This is a completely Zen book but I really love it and you can hear the Abhidharma study under the poetic Zen ideas. It is interesting to read something from such a different time and school and still realize how the structure of the Abhidharma underpins Buddhism.

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Karunadasa, Y. (2014). The Theravada Abhidhamma: Its Inquiry into the Nature of Conditioned Reality. Center of Buddhist Studies, Hong Kong.

This recent contribution to Abhidharma literature is phenomenal. The material is organized differently than the straight translation style of Bhikkhu Bodhi, but Doctor Karunadasa covers much of the same content. He also includes comparisons with the Sarvastavadin Abhidharma and some other systems. He is a great writer and thinker and brings the material to light.

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Law, Bimala Charan , translator (1969). Designation of Human Types (Puggala-Pannatti). Pali Text Society, London.

This is a pretty straight translation of the book of the Abhidharma that lists types of people mostly relative to Buddhist development. I thought this would be more of a psychological personality kind of discussion, but it has lists of all types, for instance, Four Kinds of People Comparable to a Mouse and Four Kinds of People Comparable to Jar. The lists here remind me of lists in Sei Shonagon’s “Pillow Diaries,” from the Heian era in Japan. They are quaint, a little funny, and oddly illuminating.

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Ledi, Mahathera Sayadaw (2011). The Manuals of Dhamma. Vipassana Research Institute, Maharashtra, India.

This is old-fashioned Buddhist philosophy from an early twentieth century master and monk. His emphasis is strictly Theravadan, but these chapters illuminate the central stance of basic Buddhism.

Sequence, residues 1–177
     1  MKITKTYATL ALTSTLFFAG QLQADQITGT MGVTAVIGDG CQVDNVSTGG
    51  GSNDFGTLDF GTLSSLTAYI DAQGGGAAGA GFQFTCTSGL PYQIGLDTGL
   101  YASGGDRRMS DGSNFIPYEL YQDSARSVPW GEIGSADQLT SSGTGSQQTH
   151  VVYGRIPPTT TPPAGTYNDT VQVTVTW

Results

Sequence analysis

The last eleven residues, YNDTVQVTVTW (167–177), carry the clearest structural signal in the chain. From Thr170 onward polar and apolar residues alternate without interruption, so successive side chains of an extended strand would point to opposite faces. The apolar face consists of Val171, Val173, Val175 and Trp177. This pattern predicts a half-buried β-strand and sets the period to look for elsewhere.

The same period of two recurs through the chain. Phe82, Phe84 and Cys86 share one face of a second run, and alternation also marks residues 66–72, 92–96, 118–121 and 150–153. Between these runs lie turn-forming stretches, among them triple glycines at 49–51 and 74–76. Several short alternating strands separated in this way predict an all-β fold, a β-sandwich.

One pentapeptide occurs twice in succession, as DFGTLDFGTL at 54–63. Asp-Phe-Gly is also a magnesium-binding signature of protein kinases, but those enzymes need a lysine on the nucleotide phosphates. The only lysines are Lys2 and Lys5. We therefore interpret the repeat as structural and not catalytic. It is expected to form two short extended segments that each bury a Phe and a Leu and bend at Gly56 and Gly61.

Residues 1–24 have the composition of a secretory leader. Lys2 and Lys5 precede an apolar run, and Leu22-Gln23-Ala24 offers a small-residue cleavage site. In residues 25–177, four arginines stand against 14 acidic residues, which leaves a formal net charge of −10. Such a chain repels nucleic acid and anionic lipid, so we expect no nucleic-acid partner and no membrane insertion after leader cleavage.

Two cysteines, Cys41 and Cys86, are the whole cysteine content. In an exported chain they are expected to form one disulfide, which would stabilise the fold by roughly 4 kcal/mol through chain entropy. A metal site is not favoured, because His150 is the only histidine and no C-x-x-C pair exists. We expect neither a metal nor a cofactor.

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Ledi, Mahathera Sayadaw (1986). The Buddhist Philosophy of Relations: Patthanuddesa Dipani. Buddhist Publication Sociaty, Kandy.

This is a small book focusing on the 24 types of conditioning relationships described in the Abhidharma. It is technical and old-fashioned but still very clear, while explaining the heart of an outrageously intricate system.

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LeDoux, Joseph (2002). The Synaptic Self: How our brains become who we are. Viking Group, New York.

This is my favorite book on the brain and the mind interacting. He explains some neuropsychology in detail, but you can follow it without a strong scientific or medical background and LeDoux’s commentary is thought provoking.

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Mendis, N. K. G. (2005). The Abhidhamma in Practice. Buddhist Publication Society, Kandy.

This is another book that tries to look at applied Abhidhamma, but stays within a pretty strict Theravadan frame of reference. It is a helpful synopsis but doesn’t really take the topic to a lay person’s generally applied psychological level.

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Nyanatiloka, Mahathera (1957). Guide Through The Abhidhamma Pitaka: A Synopsis of the Philosophical Collection of the Theravada Buddhist Canon. Buddhist Publication Society, Kandy.

Again, this is a very technical, but far ranging and excellent book, probably for the more academically inclined.

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Skilton, Andrew (1994). A Concise History of Buddhism. Barnes & Noble Books, New York.

This is another useful and readable history of the complicated development of Buddhism and its different schools, without the philosophical and religious background that Rupert Gethin’s Foundations provides.

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Snyder, Stephen and Rasmussen, Tina (2009). Practicing the Jhanas: Traditional Concentration Meditation as Presented by the Venerable Pa Auk Sayadaw. Shambhala Press, Boston.